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The Winter Gardens, as viewed from the west
The Winter Gardens is a large complex of theatres and conference facilities in the town centre of Blackpoolmarker, Lancashiremarker, Englandmarker. The site was opened in 1878 but a large part of the current building is relatively recent, dating back to the 1930s. The Winter Gardens is a favoured venue for political conferences, having hosted the main annual conferences for trade unions and all three major Britishmarker political parties. In fact, the owners of the centre claim that every British prime minister since the Second World War has addressed an audience there. The Winter Gardens has also been the venue of the Blackpool Dance Festival since its inception in 1920 and has hosted the World Matchplay darts tournament every July since 1994.


The site is in Blackpool's town centre, about 250 metres from the sea front and more or less in the shadow of Blackpool Towermarker. The Winter Gardens complex occupies most of its block, a roughly square footprint with sides about 200 metres in length. The two north-facing corners of the block are not taken up by the Gardens buildings themselves, however, but by shops and restaurants. In fact the northwest corner is completely separated by a road serving the stage door of the theatres. The west face also accommodates a few small shops with the same architectural styling as the main building. The complex is surrounded by roads on all sides; the back roads are relatively quiet and are convenient for loading and for TV outside broadcast vans, etc.

Component buildings

The complex has several main components: the Opera House and Pavilion theatres, the Empress Ballroom, the Olympia exhibition hall and a function hall called the Arena are on the ground floor. All are contiguous and contained inside an Art Deco surface with a large arcade connecting two main entrances. There are additional function rooms upstairs in the first floor.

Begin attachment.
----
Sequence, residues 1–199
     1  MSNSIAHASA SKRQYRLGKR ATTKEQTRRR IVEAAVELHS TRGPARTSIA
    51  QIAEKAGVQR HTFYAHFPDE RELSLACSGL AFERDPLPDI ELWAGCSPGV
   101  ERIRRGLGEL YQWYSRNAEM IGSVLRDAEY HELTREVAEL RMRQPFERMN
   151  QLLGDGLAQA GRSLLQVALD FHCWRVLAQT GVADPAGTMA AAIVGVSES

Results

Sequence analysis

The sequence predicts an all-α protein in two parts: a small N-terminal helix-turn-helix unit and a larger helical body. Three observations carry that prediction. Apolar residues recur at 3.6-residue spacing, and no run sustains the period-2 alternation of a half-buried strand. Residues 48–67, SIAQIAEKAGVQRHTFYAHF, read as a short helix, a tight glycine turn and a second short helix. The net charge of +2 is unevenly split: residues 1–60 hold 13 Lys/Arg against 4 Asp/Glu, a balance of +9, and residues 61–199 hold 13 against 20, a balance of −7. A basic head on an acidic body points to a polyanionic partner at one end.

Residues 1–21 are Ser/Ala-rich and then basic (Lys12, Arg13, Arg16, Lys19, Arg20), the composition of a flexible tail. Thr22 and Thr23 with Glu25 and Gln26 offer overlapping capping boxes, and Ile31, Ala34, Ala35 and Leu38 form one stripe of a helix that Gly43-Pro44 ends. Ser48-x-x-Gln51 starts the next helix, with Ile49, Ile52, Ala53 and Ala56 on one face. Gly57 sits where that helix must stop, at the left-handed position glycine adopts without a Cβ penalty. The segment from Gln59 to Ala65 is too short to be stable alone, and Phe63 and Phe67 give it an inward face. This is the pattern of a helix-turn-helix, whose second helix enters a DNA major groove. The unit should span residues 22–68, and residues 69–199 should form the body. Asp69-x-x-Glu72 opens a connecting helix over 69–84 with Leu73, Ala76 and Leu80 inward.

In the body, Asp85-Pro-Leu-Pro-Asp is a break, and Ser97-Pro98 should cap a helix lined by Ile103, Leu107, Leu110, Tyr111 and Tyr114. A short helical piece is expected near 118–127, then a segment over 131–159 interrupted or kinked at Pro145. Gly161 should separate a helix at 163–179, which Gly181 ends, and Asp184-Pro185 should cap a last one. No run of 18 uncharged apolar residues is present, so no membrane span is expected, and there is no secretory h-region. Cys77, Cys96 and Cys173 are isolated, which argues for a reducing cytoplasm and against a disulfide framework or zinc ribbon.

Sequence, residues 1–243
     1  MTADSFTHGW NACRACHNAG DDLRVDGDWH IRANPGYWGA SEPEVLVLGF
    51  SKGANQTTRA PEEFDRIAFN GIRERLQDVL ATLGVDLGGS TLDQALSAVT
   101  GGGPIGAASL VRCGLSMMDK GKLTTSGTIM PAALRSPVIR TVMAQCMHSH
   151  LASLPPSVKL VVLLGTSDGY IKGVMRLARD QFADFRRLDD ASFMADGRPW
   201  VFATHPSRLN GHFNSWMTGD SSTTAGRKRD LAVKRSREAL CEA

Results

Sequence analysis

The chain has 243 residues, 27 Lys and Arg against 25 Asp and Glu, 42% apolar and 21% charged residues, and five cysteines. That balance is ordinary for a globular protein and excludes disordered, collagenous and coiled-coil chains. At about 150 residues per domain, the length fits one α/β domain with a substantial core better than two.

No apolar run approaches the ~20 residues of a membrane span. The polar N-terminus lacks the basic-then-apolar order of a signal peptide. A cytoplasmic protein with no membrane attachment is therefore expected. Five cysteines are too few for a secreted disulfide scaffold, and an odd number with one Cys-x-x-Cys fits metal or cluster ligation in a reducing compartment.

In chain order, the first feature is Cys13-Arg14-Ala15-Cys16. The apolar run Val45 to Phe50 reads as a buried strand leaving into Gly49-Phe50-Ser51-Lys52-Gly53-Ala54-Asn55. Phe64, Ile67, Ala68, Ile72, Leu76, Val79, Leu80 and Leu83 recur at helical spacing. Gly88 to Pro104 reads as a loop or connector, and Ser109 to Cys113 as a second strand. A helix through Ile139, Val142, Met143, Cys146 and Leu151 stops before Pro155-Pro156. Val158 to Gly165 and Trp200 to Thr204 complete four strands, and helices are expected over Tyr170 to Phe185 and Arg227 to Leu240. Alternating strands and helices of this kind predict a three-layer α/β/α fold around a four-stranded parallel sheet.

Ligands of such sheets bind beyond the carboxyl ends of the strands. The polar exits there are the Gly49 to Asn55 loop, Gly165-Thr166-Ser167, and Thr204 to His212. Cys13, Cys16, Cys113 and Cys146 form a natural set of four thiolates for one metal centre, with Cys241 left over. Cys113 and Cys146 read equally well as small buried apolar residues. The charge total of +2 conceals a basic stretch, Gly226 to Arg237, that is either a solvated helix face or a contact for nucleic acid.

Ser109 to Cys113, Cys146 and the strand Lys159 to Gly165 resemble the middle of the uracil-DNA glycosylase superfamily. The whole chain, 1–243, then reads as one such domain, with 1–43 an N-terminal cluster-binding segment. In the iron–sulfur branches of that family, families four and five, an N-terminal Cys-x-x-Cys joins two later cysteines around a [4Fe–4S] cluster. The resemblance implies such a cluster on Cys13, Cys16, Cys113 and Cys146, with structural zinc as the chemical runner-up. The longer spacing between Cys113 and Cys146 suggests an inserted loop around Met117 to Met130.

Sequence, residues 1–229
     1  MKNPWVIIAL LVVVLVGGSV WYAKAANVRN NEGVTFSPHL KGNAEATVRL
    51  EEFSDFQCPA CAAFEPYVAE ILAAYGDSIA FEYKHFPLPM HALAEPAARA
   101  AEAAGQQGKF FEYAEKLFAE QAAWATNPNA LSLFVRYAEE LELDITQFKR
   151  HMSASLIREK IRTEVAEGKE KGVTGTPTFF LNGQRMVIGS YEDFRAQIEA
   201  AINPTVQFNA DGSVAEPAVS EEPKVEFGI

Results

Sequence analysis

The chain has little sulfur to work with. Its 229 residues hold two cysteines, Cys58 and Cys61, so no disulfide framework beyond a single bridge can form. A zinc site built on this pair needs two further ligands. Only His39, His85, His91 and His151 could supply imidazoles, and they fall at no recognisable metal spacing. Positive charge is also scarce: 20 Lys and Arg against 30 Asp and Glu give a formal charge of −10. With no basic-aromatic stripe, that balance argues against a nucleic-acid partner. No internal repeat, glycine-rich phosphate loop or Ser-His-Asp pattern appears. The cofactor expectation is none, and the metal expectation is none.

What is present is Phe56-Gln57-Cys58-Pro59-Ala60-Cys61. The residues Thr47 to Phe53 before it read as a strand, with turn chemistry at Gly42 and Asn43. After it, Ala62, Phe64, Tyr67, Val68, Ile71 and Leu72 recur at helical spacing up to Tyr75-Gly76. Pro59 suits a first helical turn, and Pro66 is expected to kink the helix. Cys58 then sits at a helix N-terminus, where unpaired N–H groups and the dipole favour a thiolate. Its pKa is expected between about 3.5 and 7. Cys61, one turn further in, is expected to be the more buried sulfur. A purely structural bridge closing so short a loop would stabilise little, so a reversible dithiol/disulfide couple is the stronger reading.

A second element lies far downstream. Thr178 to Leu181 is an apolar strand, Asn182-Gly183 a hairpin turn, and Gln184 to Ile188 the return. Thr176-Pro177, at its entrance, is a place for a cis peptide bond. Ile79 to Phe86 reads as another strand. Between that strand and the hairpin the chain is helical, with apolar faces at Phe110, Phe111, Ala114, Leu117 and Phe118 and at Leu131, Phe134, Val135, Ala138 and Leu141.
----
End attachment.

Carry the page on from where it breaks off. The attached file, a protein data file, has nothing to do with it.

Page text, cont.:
The long-gone Blackpool Ferris wheel, erected in 1896 (and no relation to the wheel currently working on the Central Pier), was also located at the Winter Gardens.

Opera House

According to its operators, the 3,000-seater Opera House is the largest theatre in the United Kingdommarker and second largest opera house in Europe. The original building, completed in 1889 was designed by the prolific theatre architect Frank Matcham, who also designed the nearby Grand Theatremarker and the Tower Ballroommarker. With 2,500 seats, this incarnation of the theatre was deemed too small by 1910 and was consequently closed down for reconstruction. The new and larger building, designed by the architects Mangnall and Littlewood, was opened less than a year later. However, it was only in 1939 that the current, third Opera House was constructed. It is home to the last new Wurlitzer organ to be installed in the UK.

The Opera House still hosts many theatrical performances in addition to variety shows and music concerts.

Empress Ballroom